One of the biggest tradeoffs is whether a tag or a notebook is ideal. I tend to always try and use a tag first, rather than a notebook. So for example, rather than having a "receipts" notebook, I have a "receipts" tag. Notes that contain a receipt go in either Work, Household, or Personal notebooks, and get the receipt tag. If I had a "receipts" notebook, then I'd have to somehow differentiate work/personal/household receipts. Then I'd have to duplicate any household receipts into a shared household notebook (or have household receipts in the household notebook with a "receipts" tag, thus meaning I have both a receipts tag and notebook, which is inefficient. Alternatively again, I could create an additional shared notebook called "household receipts", but then I have two household notebooks, when I could get away with one had I just used the tag! All of these alternatives are also nightmares for using Evernote's search function). What a waste of time. In this case, the tag wins out!

 

Instruction manuals are not so clearcut. There's a strong case for having a notebook devoted solely to your manuals, especially if you don't need to share them with anyone. Instruction manuals are fairly discrete entities and might not have any other notes they are related to, they are related only to the actual object to which they correspond. However, if you are a notebook minimalist, then just tossing all your manuals into a general notebook and tagging them all with "manuals" or whatever, would be organizationally equivalent. The benefit to the tag, then, is that if you have a manual for a complicated entertainment unit that your partner can't ever remember how to turn on/off, you can put that into a shared "household" notebook rather than sharing the entire "manuals" notebook which might contain manuals for things your partner doesn't care about. Further, it can still be retrieved easily by tag:manual regardless of what notebook it is in.  

 

But, as you can see from the manual example, switching between schemes is pretty easy. If you have a "manuals" notebook, and want to switch instead to a tagging system, just select everything in "manuals", apply the "manuals" tag to the whole selection, move them to the general notebook (and any to a relevant shared notebook), and delete the empty manuals notebook. Going the other way, list all of the notes tagged "manuals", move them to a newly created "manuals" notebook, then delete the tag. 

 

 

So there's some flexibility if you want to change schemes. 

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Scott's point about choosing when to use tags vs. notebooks for organizational purposes is a good one. It's a bit of a personal preference. Some things that you might to keep in mind:

  • The number of notebooks per account is currently capped at 250
  • Notebooks are required for certain situations:
    • If you want to keep a set of notes local to a desktop client (i.e. unsynced to the Evernote servers), you would use a "local" notebooks for that
    • For premium users, if you want to guarantee that a set of notes is always automatically kept synced to a mobile device so that you can use them when you're offline, you'd use a an "offline" notebook for that
    • If you want to share a group of notes with another Evernote user (or possibly with yourself, if you have a separate work account), you'd most likely use a "shared" notebook for that
  • You can only filter on a single notebook (or stack) at a time, whereas you can filter on multiple tags at a time
  • You can exclude a tag from being matched in your current search using the term, e.g., "-tag:MyTag". Notebooks cannot be so excluded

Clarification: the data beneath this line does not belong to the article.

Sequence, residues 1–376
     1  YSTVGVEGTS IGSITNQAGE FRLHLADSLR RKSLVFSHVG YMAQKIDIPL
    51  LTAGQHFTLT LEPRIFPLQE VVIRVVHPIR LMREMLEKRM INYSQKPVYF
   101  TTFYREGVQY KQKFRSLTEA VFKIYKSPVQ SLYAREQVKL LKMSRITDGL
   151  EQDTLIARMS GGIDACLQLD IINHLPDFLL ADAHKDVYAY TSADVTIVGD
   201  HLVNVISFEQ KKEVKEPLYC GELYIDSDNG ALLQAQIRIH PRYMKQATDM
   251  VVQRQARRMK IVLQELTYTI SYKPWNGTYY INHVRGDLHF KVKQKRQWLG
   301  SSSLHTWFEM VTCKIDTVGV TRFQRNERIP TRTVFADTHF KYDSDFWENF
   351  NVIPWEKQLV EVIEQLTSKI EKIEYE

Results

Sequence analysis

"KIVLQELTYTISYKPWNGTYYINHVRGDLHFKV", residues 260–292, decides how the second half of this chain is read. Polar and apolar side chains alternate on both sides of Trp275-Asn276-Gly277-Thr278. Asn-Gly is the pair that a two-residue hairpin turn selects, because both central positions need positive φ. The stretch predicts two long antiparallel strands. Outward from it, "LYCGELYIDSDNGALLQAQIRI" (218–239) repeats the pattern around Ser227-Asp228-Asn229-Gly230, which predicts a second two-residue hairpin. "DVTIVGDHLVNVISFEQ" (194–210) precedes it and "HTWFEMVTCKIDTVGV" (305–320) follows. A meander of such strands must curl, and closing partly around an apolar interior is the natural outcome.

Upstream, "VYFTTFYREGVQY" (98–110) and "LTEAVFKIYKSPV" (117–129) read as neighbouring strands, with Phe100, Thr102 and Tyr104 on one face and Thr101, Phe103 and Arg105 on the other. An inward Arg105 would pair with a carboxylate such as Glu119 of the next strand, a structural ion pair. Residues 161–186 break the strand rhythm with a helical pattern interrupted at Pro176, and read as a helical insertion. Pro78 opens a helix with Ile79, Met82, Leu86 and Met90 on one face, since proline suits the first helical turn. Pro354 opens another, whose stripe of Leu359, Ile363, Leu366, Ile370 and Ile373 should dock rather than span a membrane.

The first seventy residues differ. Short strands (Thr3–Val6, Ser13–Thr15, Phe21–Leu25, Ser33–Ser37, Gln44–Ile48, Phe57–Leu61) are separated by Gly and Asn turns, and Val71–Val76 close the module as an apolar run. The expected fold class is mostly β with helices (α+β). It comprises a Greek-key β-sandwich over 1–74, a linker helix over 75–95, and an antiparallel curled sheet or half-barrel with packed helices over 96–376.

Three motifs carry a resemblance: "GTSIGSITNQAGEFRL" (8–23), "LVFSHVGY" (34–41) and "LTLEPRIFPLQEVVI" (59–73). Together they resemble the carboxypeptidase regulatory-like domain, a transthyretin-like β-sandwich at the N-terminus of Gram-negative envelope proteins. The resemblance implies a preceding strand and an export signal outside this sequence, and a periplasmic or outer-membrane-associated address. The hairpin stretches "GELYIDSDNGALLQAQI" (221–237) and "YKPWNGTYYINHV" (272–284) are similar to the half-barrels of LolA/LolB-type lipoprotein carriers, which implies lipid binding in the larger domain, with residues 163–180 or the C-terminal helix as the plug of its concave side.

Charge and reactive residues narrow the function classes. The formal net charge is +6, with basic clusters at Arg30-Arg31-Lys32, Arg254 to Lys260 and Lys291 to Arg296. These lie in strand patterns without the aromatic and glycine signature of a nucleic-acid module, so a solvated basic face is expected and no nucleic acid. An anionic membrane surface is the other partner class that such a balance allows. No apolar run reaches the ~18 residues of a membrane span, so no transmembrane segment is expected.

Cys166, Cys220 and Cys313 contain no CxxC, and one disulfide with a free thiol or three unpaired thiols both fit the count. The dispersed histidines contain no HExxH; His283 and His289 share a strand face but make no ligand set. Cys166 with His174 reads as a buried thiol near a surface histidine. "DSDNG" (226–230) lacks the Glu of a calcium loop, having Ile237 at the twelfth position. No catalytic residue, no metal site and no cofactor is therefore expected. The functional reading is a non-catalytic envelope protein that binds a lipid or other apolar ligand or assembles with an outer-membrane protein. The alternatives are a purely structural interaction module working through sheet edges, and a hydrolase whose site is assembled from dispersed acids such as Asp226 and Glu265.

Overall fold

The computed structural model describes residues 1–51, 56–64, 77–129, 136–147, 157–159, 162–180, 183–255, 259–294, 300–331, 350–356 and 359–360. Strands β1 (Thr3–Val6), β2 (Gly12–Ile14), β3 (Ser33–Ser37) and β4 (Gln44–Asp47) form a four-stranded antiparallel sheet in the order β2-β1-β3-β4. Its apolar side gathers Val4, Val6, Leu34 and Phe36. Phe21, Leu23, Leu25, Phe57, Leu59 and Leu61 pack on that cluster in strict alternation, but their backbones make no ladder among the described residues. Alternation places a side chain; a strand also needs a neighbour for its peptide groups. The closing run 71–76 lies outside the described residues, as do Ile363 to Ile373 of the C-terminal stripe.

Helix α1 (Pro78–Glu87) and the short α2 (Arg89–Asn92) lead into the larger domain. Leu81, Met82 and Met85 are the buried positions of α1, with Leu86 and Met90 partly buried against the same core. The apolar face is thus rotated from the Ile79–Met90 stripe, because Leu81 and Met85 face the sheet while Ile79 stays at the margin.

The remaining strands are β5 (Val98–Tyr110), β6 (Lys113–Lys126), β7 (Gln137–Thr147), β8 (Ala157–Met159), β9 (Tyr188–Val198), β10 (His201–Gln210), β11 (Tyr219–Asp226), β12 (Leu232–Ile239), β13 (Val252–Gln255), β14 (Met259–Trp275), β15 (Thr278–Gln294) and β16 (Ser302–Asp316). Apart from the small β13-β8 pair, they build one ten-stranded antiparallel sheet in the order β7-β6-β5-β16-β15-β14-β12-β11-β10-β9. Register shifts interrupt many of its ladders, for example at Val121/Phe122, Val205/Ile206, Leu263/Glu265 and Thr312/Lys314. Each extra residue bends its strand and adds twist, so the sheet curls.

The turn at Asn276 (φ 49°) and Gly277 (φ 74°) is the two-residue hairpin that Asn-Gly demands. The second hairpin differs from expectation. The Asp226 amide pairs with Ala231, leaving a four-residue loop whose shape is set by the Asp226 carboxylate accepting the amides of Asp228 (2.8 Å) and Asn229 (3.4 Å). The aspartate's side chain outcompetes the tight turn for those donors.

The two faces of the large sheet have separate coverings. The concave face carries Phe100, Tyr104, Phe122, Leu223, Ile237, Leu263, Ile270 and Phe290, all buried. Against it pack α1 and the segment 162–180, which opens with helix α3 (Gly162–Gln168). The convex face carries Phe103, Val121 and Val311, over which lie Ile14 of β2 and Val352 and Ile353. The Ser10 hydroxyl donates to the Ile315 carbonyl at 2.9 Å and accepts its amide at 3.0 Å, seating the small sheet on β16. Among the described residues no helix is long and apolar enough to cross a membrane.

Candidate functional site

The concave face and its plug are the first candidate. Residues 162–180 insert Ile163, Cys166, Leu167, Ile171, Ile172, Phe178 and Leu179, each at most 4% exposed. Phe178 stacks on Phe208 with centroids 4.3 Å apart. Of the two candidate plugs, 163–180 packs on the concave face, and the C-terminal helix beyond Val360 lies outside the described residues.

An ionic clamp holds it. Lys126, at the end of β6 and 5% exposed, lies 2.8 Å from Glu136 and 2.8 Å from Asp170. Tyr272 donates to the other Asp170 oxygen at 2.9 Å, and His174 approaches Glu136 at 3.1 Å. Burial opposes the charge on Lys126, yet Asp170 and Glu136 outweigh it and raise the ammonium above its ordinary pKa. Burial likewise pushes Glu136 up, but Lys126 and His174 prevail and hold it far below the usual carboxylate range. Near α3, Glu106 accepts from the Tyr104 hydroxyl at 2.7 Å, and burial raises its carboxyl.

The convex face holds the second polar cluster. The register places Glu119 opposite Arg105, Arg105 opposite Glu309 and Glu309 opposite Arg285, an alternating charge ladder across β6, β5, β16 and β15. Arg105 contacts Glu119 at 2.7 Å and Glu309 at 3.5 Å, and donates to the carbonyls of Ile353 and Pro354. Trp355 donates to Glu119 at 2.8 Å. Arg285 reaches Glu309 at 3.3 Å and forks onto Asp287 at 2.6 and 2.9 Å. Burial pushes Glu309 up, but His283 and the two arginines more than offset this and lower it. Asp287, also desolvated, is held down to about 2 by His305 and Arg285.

In line with the above, my preference is to minimize the number of notebooks that I create, and use tags wherever possible.

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Thank you for the reply. I see where you are coming from, but I use Evernote mainly for personal use. It is replacing my physical file cabinet. All instruction manuals, important documents, personal projects, web articles. True, I do use it for work, I am a machinist, so notes that I take about certain machines, certain jobs that I run, etc. but they are all for personal use. Your examples do apply, I just need to adapt them to my scenarios. Right now, I have in my instruction manual notes, a tag for each device type, and another for each manufacturer, but now Im wondering if I really need that. Should I really be that specific, or just go with more generalized tags. I've spent almost the entire weekend going through all my notes, changing my mind, restructuring, changing my mind again. My head is spinning right now.

But thank you again.

 

Edit: Also, I dont want to create a bunch of tags that only 1 or 2 notes are going to use, seems wasteful to me.

 

I'd suggest that you start slow, and add/create new tags as you need to assign them to a note.

Do frequent Searches (using "tag:") to make sure it is finding the Notes you want.

There is no cost for adding tags, other than tag clutter.  Evernote allows you to have up to 100K tags.

 

Having said that, you might start out using as few tags as possible. Think of Tags as major categories, or like subfolders in your computer or file cabinet.

 

If you combine Tags with a descriptive Title (that may also contain keywords), I think you'll have a very powerful system.

Later, if you find that your Search results using :tag & :InTitle are not returning the Notes it should, you can do a little Tag maintenance and Search ONLY entering your keyword as text (without any qualifiers like "tag:") in the Search box.  Then you can select the appropriate Notes, and apply additional Tags.

 

Try not to over-think this.  Give it a little thought, maybe precreate major Tags you know you will want, and dive in.

Only after you have used Evernote for a while will you be able to determine the system best for you.

 

Good luck, and enjoy.  If you find any Searches that do not work as you expect, post a question here.  There are a number of Search bugs, and sometimes a small tweak will give you the results you want.

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Thank you for all the good replies, this gives me something to think about. I had no direction with this and I've been using evernote for almost 3 years, which is why I have almost 2000 notes and no good method of keeping them organized. So tonight I set out again to come up with a good system. Thank you again!